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Molly Wardaguga Research Centre secures $5 million to support First Nations maternal health

:  Charles Darwin University (CDU) Professors Yvette Roe (left) and Sue Kildea
Charles Darwin University (CDU) Professors Yvette Roe (left) and Sue Kildea head the Birthing on Country program, which integrates culturally appropriate care with health outcomes to help First Nations women in birthing.

Charles Darwin University’s (CDU) Molly Wardaguga Research Centre has welcomed $5 million in this year’s budget for the Birthing On Country project to support First Nations mothers and their babies in remote communities for the next five years.

Funding from the Federal Government allocated to the improving the Health and Wellbeing of Indigenous Mothers and Babies will raise the safety of birthing on country and integrating cultural sensitivities as women move into motherhood.

CDU Professor of Indigenous Health Yvette Roe, a proud Njikena Jawuru woman, and Professor of Midwifery Sue Kildea, Co-Directors of the Molly Wardaguga Research Centre said the project builds upon 25 years of health services research.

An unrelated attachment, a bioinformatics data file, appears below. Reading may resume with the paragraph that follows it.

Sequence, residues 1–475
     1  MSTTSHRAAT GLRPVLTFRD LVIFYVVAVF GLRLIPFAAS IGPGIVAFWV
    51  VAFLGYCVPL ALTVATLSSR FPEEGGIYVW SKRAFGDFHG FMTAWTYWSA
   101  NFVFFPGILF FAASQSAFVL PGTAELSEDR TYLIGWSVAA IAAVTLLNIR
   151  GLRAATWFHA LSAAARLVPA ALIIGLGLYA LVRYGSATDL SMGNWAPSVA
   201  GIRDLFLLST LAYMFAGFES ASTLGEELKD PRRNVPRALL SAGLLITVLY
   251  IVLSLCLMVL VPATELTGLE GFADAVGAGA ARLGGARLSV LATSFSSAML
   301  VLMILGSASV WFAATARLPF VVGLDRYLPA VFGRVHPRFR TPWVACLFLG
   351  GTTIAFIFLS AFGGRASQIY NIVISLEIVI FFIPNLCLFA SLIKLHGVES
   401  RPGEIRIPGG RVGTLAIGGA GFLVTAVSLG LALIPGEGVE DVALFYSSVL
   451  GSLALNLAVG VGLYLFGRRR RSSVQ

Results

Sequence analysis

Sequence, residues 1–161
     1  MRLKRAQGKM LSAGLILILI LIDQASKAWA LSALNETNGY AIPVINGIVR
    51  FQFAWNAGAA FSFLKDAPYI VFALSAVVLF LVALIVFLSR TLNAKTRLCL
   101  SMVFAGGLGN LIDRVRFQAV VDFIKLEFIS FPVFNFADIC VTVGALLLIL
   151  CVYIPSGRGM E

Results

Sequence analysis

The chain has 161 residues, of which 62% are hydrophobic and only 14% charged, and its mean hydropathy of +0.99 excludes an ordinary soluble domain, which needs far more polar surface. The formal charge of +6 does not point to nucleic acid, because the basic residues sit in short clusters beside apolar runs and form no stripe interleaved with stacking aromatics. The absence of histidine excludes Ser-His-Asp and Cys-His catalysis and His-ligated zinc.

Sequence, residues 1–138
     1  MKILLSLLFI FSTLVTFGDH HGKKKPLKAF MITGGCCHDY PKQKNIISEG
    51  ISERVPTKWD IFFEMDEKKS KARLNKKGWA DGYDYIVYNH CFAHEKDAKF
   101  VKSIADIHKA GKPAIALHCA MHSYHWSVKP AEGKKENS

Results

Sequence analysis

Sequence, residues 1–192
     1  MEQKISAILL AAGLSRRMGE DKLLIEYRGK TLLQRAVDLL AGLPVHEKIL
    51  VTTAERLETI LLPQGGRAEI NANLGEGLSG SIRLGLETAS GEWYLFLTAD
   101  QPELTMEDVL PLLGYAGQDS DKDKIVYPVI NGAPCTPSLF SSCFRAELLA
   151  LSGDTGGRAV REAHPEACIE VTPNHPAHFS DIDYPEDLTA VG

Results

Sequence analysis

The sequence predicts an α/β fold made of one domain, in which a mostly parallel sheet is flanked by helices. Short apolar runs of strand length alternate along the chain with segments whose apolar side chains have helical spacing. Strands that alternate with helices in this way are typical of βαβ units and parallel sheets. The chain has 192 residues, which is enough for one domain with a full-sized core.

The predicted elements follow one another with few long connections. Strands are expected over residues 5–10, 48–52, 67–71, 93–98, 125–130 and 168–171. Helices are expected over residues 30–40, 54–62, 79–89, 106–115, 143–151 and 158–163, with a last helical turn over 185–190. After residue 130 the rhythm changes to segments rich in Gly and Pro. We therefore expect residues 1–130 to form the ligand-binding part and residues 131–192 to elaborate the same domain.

“This gives us an opportunity to provide a strong research framework to enable First Nations communities to reclaim their birthing services to ensure the best start to life for mothers and babies,” Professor Kildea said.

“We are very excited to be able to test the translation of research evidence that shows extraordinary benefits for First Nations mums, babies and communities into rural (Nowra, NSW), remote (Alice Springs, NT) and very remote (Galiwin’ku, NT) settings.” 

Professor Roe said solutions to reduce risk in pregnant women was to enable Yolŋu to use Yolŋu knowledges to work side by side with non-Yolŋu knowledges.

Professor Roe said the Birthing on Country service had already shown a 38 per cent reduction in preterm birth, neonatal nursery admissions, number of planned caesareans and epidural pain relief in an urban setting.

“Preterm birth is the largest contributor to infant and child mortality,” Professor Roe said.

“It is associated with significant long-term health problems and lifelong inequity including developmental and behavioural problems, negative impacts to schooling and educational attainment, childhood disability and chronic diseases in adulthood.”

The First Nations families in the East Arnhem region suffer one of the highest proportion of babies being born too soon in Australia (18 to 22 per cent versus seven per cent for non-Indigenous Australians).  

More information at The Molly Wardaguga Research Centre website.

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